Educating inmates provides rehabilitating environment in prisons

Gov. Andrew Cuomo polarized the entire state Feb. 16 when he announced that New York would fund higher education for prison inmates. Many believe this move will supply inmates with the tools they need to live law-abiding lives after their release. Others believe prisoners are being rewarded for breaking the law if they receive a college education.

Who’s right? Who is wrong?

Consider this: We don’t live in a society in which a high school diploma is enough to make a good, honest living for yourself anymore — in fact, many of these prisoners are incarcerated without one. According to The New York Times, about 40 percent of prisoners don’t even have a high school diploma. Many of them come from impoverished backgrounds, in areas that don’t provide quality education to begin with, and no chance of making it to college.

This contributes heavily to their turning to crime.

Also consider this: while New York (and the United States) should focus on driving down college costs for those of us who aren’t incarcerated, there is something to be said for the amount of money the state and nation spend on housing prisoners.

According to numerous articles, including the press release from the governor’s office, New York State spends approximately $60,000 a year on housing one prisoner. It costs $5,000 to educate one for a year. The initial investment might be high, but in the long run, if the recidivism rate among prisoners who were educated in incarceration continues to hover around the 4 percent range (compared to the current 40 percent rate among prisoners overall in the state). Think of the money we save. A RAND (Research and Development) Corporation study released last summer and quoted by the Times calculated that every dollar spent on inmate education means four to five saved on re-incarceration down the road.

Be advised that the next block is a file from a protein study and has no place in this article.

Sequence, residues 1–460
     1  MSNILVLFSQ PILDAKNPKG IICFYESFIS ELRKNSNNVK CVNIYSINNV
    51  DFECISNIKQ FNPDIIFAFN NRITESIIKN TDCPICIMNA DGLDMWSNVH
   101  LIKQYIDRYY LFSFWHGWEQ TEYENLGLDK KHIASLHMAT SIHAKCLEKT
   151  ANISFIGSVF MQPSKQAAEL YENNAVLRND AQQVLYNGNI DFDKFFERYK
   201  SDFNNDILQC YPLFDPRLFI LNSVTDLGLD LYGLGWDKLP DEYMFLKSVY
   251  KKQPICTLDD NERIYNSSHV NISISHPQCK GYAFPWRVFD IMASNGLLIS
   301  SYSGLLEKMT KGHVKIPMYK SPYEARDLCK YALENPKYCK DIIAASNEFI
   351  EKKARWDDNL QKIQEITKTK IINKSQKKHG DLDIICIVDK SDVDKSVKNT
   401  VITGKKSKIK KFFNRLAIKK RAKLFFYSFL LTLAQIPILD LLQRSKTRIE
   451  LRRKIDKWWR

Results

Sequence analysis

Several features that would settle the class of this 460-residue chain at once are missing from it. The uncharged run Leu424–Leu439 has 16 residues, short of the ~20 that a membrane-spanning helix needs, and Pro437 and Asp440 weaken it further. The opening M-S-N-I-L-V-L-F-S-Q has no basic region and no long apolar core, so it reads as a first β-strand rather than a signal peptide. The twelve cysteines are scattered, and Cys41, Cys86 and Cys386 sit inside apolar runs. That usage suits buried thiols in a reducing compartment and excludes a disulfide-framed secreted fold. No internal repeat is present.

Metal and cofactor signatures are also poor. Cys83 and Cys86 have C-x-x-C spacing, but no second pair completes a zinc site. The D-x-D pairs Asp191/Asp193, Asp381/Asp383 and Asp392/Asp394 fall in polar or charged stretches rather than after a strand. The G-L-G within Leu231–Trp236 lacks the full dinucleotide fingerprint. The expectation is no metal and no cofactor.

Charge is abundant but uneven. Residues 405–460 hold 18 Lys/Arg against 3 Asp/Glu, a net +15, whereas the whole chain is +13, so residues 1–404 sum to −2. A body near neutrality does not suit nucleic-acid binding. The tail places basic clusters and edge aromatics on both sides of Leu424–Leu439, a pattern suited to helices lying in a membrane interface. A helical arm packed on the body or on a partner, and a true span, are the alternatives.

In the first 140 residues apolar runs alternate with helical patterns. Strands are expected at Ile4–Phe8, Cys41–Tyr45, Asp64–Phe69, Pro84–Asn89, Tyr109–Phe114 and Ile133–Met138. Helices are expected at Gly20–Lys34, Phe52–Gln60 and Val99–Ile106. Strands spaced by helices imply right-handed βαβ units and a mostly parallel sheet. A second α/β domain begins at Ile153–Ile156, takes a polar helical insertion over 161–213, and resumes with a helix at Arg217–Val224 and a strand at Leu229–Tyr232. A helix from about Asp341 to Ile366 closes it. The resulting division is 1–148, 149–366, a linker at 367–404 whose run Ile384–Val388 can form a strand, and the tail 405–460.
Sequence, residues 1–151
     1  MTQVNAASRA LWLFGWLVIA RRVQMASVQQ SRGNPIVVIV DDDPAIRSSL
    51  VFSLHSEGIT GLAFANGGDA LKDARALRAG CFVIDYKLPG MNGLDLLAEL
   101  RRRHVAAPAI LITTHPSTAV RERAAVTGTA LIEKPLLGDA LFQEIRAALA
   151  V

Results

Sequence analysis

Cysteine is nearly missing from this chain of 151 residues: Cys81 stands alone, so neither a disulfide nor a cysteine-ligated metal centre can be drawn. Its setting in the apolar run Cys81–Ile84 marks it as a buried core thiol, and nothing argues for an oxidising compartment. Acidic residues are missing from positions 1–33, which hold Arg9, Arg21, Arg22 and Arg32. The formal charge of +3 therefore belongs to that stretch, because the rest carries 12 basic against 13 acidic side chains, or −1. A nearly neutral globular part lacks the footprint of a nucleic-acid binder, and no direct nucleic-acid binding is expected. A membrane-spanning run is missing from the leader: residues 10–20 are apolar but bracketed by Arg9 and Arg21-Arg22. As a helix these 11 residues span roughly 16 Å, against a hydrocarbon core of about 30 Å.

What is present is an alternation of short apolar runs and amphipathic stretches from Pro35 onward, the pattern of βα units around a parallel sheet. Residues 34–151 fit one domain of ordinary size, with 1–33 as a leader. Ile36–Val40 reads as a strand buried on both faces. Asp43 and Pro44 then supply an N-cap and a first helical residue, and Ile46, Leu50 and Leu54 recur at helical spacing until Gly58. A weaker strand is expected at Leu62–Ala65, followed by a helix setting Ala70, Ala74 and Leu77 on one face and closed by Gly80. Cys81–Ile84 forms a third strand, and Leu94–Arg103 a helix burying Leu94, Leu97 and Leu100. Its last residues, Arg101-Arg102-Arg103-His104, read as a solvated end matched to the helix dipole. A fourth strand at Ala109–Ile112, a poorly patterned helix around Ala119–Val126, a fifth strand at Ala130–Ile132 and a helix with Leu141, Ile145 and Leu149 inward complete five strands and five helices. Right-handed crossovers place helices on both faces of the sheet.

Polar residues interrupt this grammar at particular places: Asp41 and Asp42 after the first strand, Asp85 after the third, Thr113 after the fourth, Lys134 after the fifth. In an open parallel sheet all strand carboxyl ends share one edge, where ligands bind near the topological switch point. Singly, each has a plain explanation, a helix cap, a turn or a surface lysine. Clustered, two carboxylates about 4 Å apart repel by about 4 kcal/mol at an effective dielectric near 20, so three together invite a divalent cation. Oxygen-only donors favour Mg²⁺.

This, too: The racial disparity of prisoners all over the nation, not just in New York, is astounding. The Sentencing Project, a research and advocacy group for prison reform, said in its study that one in three black men and one in six Latino men — compared with one in 17 white men — will be imprisoned at some point in their lifetime.  One in 18 black women and one in 45 Latinas, compared to one in 111 white women, will be incarcerated. It’s not a coincidence that, while statistics have likely improved, in 2005, 30 percent of white adults had at least a Bachelor’s degree, while only 17 percent of black adults and 12 percent of Hispanic/Latino adults did, according to the Washington Post. White households also made nearly $20,000 more than both black and Latino households. Education and income levels correlate with likelihood of imprisonment — the more education and money you have, the less likely you’re going to be arrested and imprisoned for anything, generally speaking.

As for the idea that educating inmates is giving them some kind of reward: Considering a college degree is more necessary than ever to live with your head above water these days, you really can’t make this argument without implying that some people just deserve an education more than others, and would you make this argument about the kids from affluent backgrounds who do go to school and waste their parents’ money doing nothing?

And finally, think about this: The New York Civil Liberties Union provided Genesee Valley representative Gary Pudup’s testimony regarding the Rockefeller Drug Laws on its website, in which he stated that the laws have sent low-level offenders with no real risk of committing violent crimes to prison. For what purpose? Do we really want these inmates to go back to prison for crimes that don’t really warrant it anyway?

Your opinions might not change, but the numbers don’t lie. Educating inmates is one step toward providing the “rehabilitating” environment prisons are supposed to have. If we really are concerned with saving money and not passing blanket judgments over an entire group of people, we would support this investment.


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Twitter: @A_Rodriguez39